Scott Morrison is to receive a report into coronavirus dole payments and wage subsidies, but will wait a month before making any changes.
The Prime Minister will see Treasury’s completed review of the JobSeeker and JobKeeper supports for the first time on Monday.
There are growing calls to expand access to the pandemic payments and sustain them beyond September, when both are legislated to finish.
Mr Morrison has promised there will be a “next phase” of economic supports, but said complex decisions were required first.
“There’s still a lot of work to do there and that’s what we’re focused on,” he said on Monday.
“There are many moving parts in this, this is not a simple issue.”
Labor has accused the government of sitting on the Treasury report until after this weekend’s byelection in Eden-Monaro.
Mr Morrison said JobKeeper wage subsidies had a “cash burn” of almost $11 billion a month and were not sustainable in the long term.
He is looking to re-angle supports towards industries hardest hit by coronavirus and withdraw it from companies quicker to recover.
The JobSeeker unemployment benefit has been doubled during the pandemic and there are calls to lock in a permanent increase.
There were reports at the weekend that JobSeeker will rise by $75 a week permanently. But Social Services Minister Anne Ruston described them as “factually incorrect”.
Before the pandemic, the Morrison government had consistently refused to lift the unemployment benefit from the $40 daily rate, despite widespread calls, including from former PM John Howard.
Mr Morrison said on Monday he was worried the inflated rate for unemployment payments has become an impediment to people going to work.
“We are getting a lot of anecdotal feedback from small businesses and large businesses, where some of them are finding it hard to get people to come and take the shifts because they’re on these higher levels of payment,” he told 2GB radio.
The Grattan Institute wants JobSeeker permanently increased by at least $100 a week, extended to more people and benchmarked to wages.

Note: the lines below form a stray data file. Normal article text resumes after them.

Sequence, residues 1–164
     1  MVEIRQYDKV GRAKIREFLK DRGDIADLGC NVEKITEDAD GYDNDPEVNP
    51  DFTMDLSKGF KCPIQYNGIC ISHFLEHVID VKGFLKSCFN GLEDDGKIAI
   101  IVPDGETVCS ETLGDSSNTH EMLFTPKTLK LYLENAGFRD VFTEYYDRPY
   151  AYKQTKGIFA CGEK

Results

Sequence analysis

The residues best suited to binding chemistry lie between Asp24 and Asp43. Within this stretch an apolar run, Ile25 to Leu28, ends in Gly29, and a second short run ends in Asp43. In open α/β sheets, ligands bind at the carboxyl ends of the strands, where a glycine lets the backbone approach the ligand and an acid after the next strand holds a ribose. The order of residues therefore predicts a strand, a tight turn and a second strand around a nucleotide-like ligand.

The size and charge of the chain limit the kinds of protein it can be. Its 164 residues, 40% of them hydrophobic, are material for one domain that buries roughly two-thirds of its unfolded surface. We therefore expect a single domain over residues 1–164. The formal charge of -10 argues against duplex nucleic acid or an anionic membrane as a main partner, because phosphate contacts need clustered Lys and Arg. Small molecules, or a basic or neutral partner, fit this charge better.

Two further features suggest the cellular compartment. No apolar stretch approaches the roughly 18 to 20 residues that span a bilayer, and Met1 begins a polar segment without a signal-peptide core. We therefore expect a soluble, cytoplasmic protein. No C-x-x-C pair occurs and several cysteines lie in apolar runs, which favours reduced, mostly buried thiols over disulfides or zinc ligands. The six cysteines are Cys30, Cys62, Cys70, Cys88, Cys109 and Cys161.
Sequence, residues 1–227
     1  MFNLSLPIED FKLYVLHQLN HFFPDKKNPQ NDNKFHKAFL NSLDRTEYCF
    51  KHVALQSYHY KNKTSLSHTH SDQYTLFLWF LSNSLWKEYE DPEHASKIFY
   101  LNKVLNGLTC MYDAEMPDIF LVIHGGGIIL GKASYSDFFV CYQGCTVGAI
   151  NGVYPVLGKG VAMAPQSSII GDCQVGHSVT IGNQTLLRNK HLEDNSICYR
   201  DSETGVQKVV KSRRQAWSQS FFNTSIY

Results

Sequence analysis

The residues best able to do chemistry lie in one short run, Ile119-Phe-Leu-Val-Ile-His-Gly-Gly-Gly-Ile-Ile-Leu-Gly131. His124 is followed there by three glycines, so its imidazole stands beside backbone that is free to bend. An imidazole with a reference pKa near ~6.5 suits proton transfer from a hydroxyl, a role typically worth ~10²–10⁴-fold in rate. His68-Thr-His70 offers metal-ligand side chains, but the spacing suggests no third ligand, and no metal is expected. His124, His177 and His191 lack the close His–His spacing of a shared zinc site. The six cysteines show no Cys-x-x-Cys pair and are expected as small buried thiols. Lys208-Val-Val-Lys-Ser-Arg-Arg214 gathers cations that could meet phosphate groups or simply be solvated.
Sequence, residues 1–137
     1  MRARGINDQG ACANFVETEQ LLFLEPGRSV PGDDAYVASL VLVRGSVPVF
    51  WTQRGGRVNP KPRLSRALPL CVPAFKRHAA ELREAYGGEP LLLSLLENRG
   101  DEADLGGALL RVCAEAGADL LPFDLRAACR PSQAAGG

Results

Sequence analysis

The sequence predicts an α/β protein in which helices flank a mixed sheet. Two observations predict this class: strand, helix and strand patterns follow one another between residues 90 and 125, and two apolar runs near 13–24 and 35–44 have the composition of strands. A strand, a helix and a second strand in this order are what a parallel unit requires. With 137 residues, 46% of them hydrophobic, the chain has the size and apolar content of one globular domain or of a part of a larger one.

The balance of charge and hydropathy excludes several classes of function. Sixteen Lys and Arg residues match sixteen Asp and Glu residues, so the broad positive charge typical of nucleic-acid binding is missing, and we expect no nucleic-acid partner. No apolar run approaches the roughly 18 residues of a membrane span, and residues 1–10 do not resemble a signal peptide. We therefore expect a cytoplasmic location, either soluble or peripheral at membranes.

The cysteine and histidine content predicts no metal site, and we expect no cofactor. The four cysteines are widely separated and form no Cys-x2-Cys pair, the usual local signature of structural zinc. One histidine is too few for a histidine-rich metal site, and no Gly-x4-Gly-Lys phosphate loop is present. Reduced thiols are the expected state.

The think-tank also wants households to receive direct cash under a new coronavirus recovery plan.
The institute has warned against withdrawing fiscal support too soon, echoing an early caution from the International Monetary Fund.
Instead, it has recommended the federal government spend between $70 billion and $90 billion on extra economic stimulus measures.
Grattan also encouraged the government to introduce a higher, simpler, means-tested childcare subsidy that would cover 95 per cent of costs for low-income families and boost female workforce participation.
It wants JobKeeper wage subsidies extended into 2021 and ineligible arts, university and tourism workers to be included.
As well, the institute has called for governments to spend up to $40 billion on services, small infrastructure projects and social housing.
A separate report by analytics firms illion and AlphaBeta has found low-income earners have carried the economy through the crisis.
The data showed people earning less than $65,000 a year kept the economy propped up through discretionary and essential spending.
By contrast, the economic advisory group found high income-earners had kept their wallets sealed shut since the start of March.